A flood of fake Fridas: snark o’ the week
Representatives of the Diego Rivera and Frida Kahlo Trust filed a criminal suit on Tuesday for the forgery of 1,200 Kahlo works of art that appear in two books recently published in Mexico and the United States.
“Most of them appear not to be by the artist, because connoisseurs of the artist’s works have said so,” attorney Jose Luis Perez Arredondo told reporters.
The complaint was filed at the Attorney General’s Office, where members of the press met with experts on the artist’s work and personnel of the Anahuacalli Diego Rivera and Frida Kahlo museums.
Perez Arredondo said that the trust’s technical committee decided to file the complaint after hearing the opinion of several experts on the supposed work of Frida reproduced in the publications “Finding Frida Kahlo” and “El Laberinto de Frida: Muerte, Dolor y Ambivalencia” (Frida’s Labyrinth: Death, Pain and Ambivalence) containing illustrated letters, drawings and personal notes.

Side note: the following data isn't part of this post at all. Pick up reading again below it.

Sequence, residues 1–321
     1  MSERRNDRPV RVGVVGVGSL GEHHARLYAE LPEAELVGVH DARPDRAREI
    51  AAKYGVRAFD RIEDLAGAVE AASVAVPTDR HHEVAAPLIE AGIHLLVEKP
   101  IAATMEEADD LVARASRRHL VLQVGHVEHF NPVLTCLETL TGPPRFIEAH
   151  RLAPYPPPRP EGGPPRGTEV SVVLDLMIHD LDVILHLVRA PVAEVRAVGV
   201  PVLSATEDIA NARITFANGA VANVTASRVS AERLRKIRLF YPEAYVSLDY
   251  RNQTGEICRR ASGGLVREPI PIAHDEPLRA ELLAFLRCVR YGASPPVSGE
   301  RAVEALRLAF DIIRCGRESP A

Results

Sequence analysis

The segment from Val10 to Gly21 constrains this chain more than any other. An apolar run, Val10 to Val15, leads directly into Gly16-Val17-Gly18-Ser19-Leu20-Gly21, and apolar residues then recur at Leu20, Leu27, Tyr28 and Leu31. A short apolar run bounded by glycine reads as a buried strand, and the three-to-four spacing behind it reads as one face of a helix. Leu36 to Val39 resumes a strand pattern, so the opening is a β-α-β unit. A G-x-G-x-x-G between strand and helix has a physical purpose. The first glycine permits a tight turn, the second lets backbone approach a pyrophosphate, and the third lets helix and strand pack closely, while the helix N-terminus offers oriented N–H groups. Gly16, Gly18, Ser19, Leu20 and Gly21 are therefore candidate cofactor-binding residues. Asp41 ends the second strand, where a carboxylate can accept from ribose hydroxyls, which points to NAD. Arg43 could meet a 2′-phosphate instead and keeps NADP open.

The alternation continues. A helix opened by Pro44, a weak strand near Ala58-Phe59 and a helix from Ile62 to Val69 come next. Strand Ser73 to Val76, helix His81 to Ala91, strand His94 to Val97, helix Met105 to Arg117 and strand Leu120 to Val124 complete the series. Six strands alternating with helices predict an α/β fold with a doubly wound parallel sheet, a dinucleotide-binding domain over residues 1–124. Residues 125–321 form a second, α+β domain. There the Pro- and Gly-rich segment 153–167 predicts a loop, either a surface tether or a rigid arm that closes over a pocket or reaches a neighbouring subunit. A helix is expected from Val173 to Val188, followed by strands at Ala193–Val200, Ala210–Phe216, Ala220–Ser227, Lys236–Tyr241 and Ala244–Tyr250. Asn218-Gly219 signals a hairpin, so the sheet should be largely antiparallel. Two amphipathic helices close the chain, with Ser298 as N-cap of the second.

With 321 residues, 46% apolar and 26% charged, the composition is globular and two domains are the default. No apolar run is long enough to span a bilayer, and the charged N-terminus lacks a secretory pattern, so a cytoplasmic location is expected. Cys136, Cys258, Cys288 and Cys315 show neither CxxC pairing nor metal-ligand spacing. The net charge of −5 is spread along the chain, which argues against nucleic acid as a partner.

“We’re not making personal accusations nor are we judging conduct. That is the subject of the lawsuit,” the lawyer said.
At the end of last month, Mexican antique dealers Carlos Noloya and Leticia Fernandez presented the 1,200 works as authentic, while admitting that they were very different from other pictorial works left by the artist…
Kahlo’s works are — for reasons unfathomable to me — considered a national artistic monument (to Kitschitlacali, the God of Self-Indulgence?), and — if genuine — cannot be sold abroad. No problem. It’s easy enough to create fake Kahlos… just paint Kahlo’s face, toss in a few eccentric cultural reference… and gouge your eyes out…
(Trek Thunder Kelly, The Suicide of Frida Kahlo, 2004; acrylic on canvas; 72″ x 60)